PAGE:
#' #Warning: Multivariate cases cannot be evaluated with kernel method
#' pif(X, thetahat, rr_better, method = "kernel") 
#' }
#' 
#' #Example 4: Categorical Relative Risk & Exposure
#' #--------------------------------------------
#' set.seed(18427)
#' mysample  <- sample(c("Normal","Overweight","Obese"), 100, 
#'                    replace = TRUE, prob = c(0.4, 0.1, 0.5))
#' X        <- data.frame(Exposure = mysample)
#' 
#' thetahat <- c(1, 1.2, 1.5)
#' 
#' #Categorical relative risk function
#' rr <- function(X, theta){
#' 
#'    #Create return vector with default risk of 1
#'    r_risk <- rep(1, nrow(X))
#'    
#'    #Assign categorical relative risk
#'    r_risk[which(X[,"Exposure"] == "Normal")]      <- thetahat[1]
#'    r_risk[which(X[,"Exposure"] == "Overweight")]  <- thetahat[2]
#'    r_risk[which(X[,"Exposure"] == "Obese")]       <- thetahat[3]
#'    
#'    return(r_risk)
#' }
#' 
#' pif(X, thetahat, rr, check_rr = FALSE)
#' 
#' #Counterfactual of reducing all obesity to normality
#' cft <- function(X){
#'    X[which(X[,"Exposure"] == "Obese"),] <- "Normal"
#'    return(X)
#' }
#' 
#' pif(X, thetahat, rr, cft, check_rr = FALSE)
#' 
#' #Example 5: Categorical Relative Risk & continuous exposure
#' #----------------------------------------------------------
#' set.seed(18427)
#' BMI      <- data.frame(Exposure = rlnorm(100, 3.1, sdlog = 0.1))
#' 
#' #Theoretical minimum risk exposure is at 20kg/m^2 in borderline "Normal" category
#' BMI_adjusted <- BMI - 20
#' 
#' thetahat <- c(Malnourished = 2.2, Normal = 1, Overweight = 1.8, 
#'               Obese = 2.5)
#'               
#' rr       <- function(X, theta){
#'      
#'      #Create return vector with default risk of 1
#'      r_risk <- rep(1, nrow(X))
#'    
#'      #Assign categorical relative risk
#'      r_risk[which(X[,"Exposure"] < 0)]             <- theta[1] #Malnourished
#'      r_risk[intersect(which(X[,"Exposure"] >= 0), 
#'                       which(X[,"Exposure"] < 5))]  <- theta[2] #Normal
#'      r_risk[intersect(which(X[,"Exposure"] >= 5), 
#'                       which(X[,"Exposure"] < 10))] <- theta[3] #Overweight
#'      r_risk[which(X[,"Exposure"] >= 10)]           <- theta[4] #Obese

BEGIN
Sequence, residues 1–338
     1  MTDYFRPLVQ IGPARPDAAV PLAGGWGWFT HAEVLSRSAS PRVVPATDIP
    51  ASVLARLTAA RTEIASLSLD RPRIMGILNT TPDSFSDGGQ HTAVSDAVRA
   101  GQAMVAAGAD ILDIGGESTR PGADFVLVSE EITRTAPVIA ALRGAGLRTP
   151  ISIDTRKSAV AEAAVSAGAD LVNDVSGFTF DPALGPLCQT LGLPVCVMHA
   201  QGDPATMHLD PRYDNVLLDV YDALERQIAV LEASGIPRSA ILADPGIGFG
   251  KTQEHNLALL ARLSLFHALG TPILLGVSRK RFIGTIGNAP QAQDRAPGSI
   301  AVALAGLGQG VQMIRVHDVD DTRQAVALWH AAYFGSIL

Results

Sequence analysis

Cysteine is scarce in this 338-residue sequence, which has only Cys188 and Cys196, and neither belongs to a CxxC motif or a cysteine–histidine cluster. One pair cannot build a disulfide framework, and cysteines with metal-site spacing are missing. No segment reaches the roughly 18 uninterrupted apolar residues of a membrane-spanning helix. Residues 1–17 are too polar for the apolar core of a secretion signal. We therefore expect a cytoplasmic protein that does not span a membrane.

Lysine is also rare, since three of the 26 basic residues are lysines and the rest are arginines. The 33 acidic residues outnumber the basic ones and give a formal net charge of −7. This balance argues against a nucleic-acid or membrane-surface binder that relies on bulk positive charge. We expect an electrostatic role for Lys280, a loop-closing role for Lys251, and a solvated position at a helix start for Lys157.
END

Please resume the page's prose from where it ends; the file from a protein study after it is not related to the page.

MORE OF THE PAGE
#'    
#'    return(r_risk)
#' }
#' 
#' #Counterfactual of everyone in normal range
#' cft <- function(bmi){
#'      bmi           <- data.frame(rep(2.5, nrow(bmi)), ncol = 1)
#'      colnames(bmi) <- c("Exposure")
#'      return(bmi)
#' }
#' 
#' pif(BMI_adjusted, thetahat, rr, cft, 
#'     check_exposure = FALSE, method = "empirical")
#' 
#' 
#' #Example 6: Bivariate exposure and rr ("classical PAF")
#' #------------------------------------------------------------------
#' set.seed(18427)
#' mysample  <- sample(c("Exposed","Unexposed"), 1000, 
#'                 replace = TRUE, prob = c(0.1, 0.9))
#' X         <- data.frame(Exposure = mysample)
#' theta     <- c("Exposed" = 2.5, "Unexposed" = 1.2)   
#' rr        <- function(X, theta){
#'    
#'    #Create relative risk function
#'    r_risk <- rep(1, nrow(X))
#'    
#'    #Assign values of relative risk
#'    r_risk[which(X[,"Exposure"] == "Unexposed")] <- theta["Unexposed"]
#'    r_risk[which(X[,"Exposure"] == "Exposed")]   <- theta["Exposed"]
#'    
#'    return(r_risk)
#' }      
#' 
#' #Counterfactual of reducing the exposure in half of the individuals
#' cft <- function(X){
#' 
#'    #Find out which ones are exposed
#'    Xexp  <- which(X[,"Exposure"] == "Exposed")
#'    
#'    #Use only half of the exposed randomly
#'    reduc <- sample(Xexp, length(Xexp)/2)
#'    
#'    #Unexpose those individuals
#'    X[reduc, "Exposure"] <- "Unexposed"
#'    
#'    return(X)
#' }
#' 
#' pif(X, theta, rr, cft)
#' 
#' #Example 7: Continuous exposure, several covariates
#' #------------------------------------------------------------------
#' X <- data.frame(Exposure = rbeta(100, 2, 3),
#'                 Age      = runif(100, 20, 100),
#'                 Sex      = sample(c("M","F"), 100, replace = TRUE),
#'                 BMI      = rlnorm(100, 3.2, 0.2))
#' thetahat <- c(-0.1, 0.05, 0.2, -0.4, 0.3, 0.1)